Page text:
The report adopted, they sent for M. Sarigue to make some supplementary explanations. He appeared, pale-faced, abashed, stammering like a criminal before conviction, and you would have laughed to see the patronizing, authoritative air with which Jansoulet encouraged and reassured him: "Be calm, my dear colleague." But the members of the eighth committee did not laugh.
There was talk of elections, of counting ballots, and the poor mother, leaning forward over the rail in her shabby cap, knitting her thick eyebrows, would have listened religiously to the report on the Sarigue election to the very end, had not the usher who had admitted her come to tell her that it was all over and that she had better go. "Really?
The report having been adopted, M. Sarigue was summoned in order that he might offer some supplementary explanations. He arrived, pale, emaciated, stuttering like a criminal before conviction, and you would have laughed to see with what an air of authority and protection Jansoulet encouraged and reassured him. "Calm yourself, my dear colleague." But the members of Committee No. 8 did not laugh.
The scuffle at an end, the Nabob pulled down his sleeves, which had risen to his elbows, smoothed his rumpled linen, picked up his satchel from which the papers relating to the Sarigue election had scattered as far as the gutter, and replied to the police officers, who asked him his name in order to prepare their report: "Bernard Jansoulet, Deputy for Corsica." A public man!
He had, however, one friend in the Chamber, a deputy newly elected for Deux-Sèvres, named M. Sarigue, a poor fellow not unlike the inoffensive, ignoble animal whose name he bore, with his sparse, red hair, his frightened eyes, his hopping gait in his white gaiters.
M. Sarigue need not be afraid; never could he have put his hand on an examiner with kinder intentions or more indulgent, for the Nabob, taking pity on the sufferer, knowing by experience how painful is the anguish of waiting, had made haste through his labour; and the enormous portfolio which he carried under his arm, as he left the Mora mansion, contained his report ready to be sent in to the bureau.
They spoke of an election, of a scrutiny, and the poor mother leaning forward in her red hood, wrinkling her great eyebrows, would have religiously listened to the whole of the report of the Sarigue election, if the attendant who had introduced her had not come to say that it was finished and she had better go away. She seemed very much surprised. "Indeed!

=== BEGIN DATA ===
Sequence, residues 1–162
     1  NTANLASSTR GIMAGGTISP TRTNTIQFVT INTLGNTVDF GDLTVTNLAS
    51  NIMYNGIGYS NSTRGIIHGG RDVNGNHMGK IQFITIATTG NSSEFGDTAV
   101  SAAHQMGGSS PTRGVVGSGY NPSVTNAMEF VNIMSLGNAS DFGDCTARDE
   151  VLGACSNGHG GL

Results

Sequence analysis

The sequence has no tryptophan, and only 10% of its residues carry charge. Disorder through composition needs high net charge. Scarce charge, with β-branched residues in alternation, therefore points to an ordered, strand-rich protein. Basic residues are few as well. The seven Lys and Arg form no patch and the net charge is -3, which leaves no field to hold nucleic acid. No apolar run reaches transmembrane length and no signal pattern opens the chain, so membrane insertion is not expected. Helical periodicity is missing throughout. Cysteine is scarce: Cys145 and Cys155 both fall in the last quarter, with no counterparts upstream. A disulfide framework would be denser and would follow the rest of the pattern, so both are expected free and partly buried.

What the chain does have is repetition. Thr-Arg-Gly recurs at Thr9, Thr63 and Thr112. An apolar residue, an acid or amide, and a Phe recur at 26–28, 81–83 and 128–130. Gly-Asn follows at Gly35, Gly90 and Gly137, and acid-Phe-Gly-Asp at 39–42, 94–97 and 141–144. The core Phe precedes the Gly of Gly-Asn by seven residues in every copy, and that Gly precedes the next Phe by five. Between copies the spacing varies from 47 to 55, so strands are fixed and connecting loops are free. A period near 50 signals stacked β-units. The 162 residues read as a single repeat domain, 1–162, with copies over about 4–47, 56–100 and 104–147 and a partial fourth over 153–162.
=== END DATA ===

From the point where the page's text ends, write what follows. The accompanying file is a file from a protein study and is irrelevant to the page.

By an amusing irony of fate, Jansoulet, himself agitated by all the anxieties of his own validation, was chosen in Bureau no. 8 to draw up the report on the election in the Deux-Sevres; and M. Sarigue, humble and supplicating, conscious of his incapacity and filled by a horrible dread of being sent back to his home in disgrace, used to follow about this great jovial fellow with the curly hair and big shoulder blades that moved like the bellows of a forge beneath a light and tightly fitting frock-coat, without any suspicion that a poor anxious being like himself lay concealed within that solid envelope.
He had, however, one friend in the Chamber, a deputy newly elected for the Deux-Sevres, called M. Sarigue, a poor man sufficiently resembling the inoffensive and ill-favoured animal whose name he bore, with his red and scanty hair, his timorous eyes, his hopping walk, his white gaiters; he was so timid that he could not utter two words without stuttering, almost voiceless, continually sucking jujubes, which completed the confusion of his speech.
A little more and he would have killed him. The struggle over, pulling down his sleeves, adjusting his crumpled linen, picking up his portfolio out of which the papers of the Sarigue election were flying scattered even to the gutter, the Nabob answered the policemen who were asking him for his name in order to draw up a summons: "Bernard Jansoulet, Deputy for Corsica." A public man!